“California is the canary in the coal mine when it comes to climate change here in America,” he said. “I’ve stopped saying that we’re having an unprecedented fire season. Until we act boldly on the climate, we should not be surprised to see the same thing each and every year.

“Look,” he continued. “Ask a climate scientist if they’re surprised about the record-breaking year we’re having, when it comes to fire. They’ll all tell you they’re not surprised. They’ll tell you their predictions on the early wave of climate change are coming true.”

For Park Guthrie, a sixth grade teacher at Salmon Creek Charter School in Occidental and co-founder of the Schools for Climate Action, a youth-adult campaign dedicated to engaging schools and school organizations in the fight for clean energy and commonsense climate policies, the state of the planet represents a profound betrayal.

As a “mandated reporter,” someone legally required to report suspicions of child abuse or neglect, he said the refusal so far to deal seriously with the issue is a form of neglect.

“We’ve literally abandoned generations of our children as a cohort of adults,” said Guthrie, who has three teenage kids of his own, ages 13, 16 and 17. “We’ve known the harm, and we’ve had legitimate tools to limit the harm, and we’ve simply chosen not to protect our children from this.”

He pointed to his recent focus, trying to persuade CalSTRS, the state teachers’ retirement fund, to divest from the fossil fuel industry, as another instance in which “trusted elders that are supposed to nurture and help young people create great futures” have failed.

“Everywhere we turn, we just uncover this silent witnessing of child neglect,” he said.

A much more hopeful Heckman said that, despite his nonprofit’s name, Daily Acts, he and his colleagues recognize that however important individual actions are, they aren’t enough. They have to be linked to collective action and policy that can have wide-ranging, lasting impacts.

So the key is working at different scales, focusing in three areas, he said:

  • Reducing greenhouse gas emissions and phasing out fossil fuels.
  • Drawing carbon from the atmosphere and storing it in forests, through soils management and agricultural practices
  • Investing in adaptation and resiliency for climate impacts that can’t be prevented, he and others said.

“It’s so easy to be overwhelmed by all the crises and point out all the things that are wrong and broken,” Heckman said, “but a lot of times, an inspiring hopeful collective vision of what’s possible is missing … You need to hold the complexity. We absolutely have to embrace the truth of the climate emergency and let our hearts break and feel the grief, and I think that’s essential. But when we do that, rather than be fearful of going there, it can connect us to nature, to each other, to the bigger purpose in a way that’s incredibly powerful.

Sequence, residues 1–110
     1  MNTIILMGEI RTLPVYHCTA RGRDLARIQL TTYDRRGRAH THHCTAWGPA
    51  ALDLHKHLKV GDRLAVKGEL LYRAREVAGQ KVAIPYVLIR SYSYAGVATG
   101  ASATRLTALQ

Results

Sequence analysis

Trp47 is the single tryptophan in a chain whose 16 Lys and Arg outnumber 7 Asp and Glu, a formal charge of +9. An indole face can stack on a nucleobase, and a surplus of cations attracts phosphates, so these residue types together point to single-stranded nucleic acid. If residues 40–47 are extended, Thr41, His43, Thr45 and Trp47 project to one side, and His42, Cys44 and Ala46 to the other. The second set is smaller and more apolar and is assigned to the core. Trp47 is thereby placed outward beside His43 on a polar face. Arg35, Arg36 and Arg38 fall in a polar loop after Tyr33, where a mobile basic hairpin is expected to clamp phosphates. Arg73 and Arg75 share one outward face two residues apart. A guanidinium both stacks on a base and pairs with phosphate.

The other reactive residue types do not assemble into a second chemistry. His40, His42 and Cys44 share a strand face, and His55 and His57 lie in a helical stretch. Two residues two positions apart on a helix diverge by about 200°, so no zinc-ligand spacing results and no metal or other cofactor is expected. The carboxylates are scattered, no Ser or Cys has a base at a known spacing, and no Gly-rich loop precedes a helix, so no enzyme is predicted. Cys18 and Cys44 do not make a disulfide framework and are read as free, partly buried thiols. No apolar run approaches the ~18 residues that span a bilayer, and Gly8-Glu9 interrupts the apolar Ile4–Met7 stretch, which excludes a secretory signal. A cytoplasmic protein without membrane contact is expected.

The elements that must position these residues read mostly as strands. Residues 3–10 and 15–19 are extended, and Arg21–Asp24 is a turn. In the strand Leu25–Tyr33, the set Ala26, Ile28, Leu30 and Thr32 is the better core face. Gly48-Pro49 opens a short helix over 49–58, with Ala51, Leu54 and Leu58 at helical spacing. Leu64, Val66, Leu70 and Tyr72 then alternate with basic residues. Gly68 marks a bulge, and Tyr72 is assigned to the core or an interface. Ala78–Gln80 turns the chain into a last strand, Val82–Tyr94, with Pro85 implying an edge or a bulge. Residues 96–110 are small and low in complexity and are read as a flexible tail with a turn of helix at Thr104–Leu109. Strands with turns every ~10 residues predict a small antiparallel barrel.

“There’s still a lot we can do, but the clock is ticking,” he said.

Seventh-generation Bodega Bay rancher Che Casul, chief executive officer at The Center for Social and Environmental Stewardship, said there was a moment as he watched the lightning storm last month with his 1-year-old son that he recalls for its poignancy.

He didn’t yet know the lightning siege would spark devastating wildfires around California, but as Casul watched the sky turn red, “there was an element of being terrified, of what are we leaving that next generation?” he recalled.

“We’ve been on this land for 160 years, and what’s that next 60, 70 going to look like for him? We don’t really know,” Casul said. “In west county, you have your liberal or conservative friends, but none of the conservatives are saying climate change isn’t real anymore.”

Casul has worked intently to manage the fuels on his family’s property and reduce the threat of wildfire through grazing and other means, and has made other efforts to reduce his reliance on fossil fuels, as well.

He also leads a nonprofit that provides skills and career training for at-risk young people focused largely on land management, including fuels management and, recently, wildland firefighting.

He also knows there is a need for longer-term, collective vision.

“I think we, as a society and as a community think about, in the moment, what we need and how can we fix what’s going on, but we really struggle with the idea of generational benefit,” Casul said. “I have the experience of growing up on this place and knowing what every generation did before, what the benefits are. We as community members can effect change that’s going to have repercussions later on, and have that rolling perspective of what’s going on two and three generations from now.

“Right now we’re living in the moment, and that moment is not working.”

You can reach Staff Writer Mary Callahan at 707-521-5249 or mary.callahan@pressdemocrat.com. On Twitter @MaryCallahanB.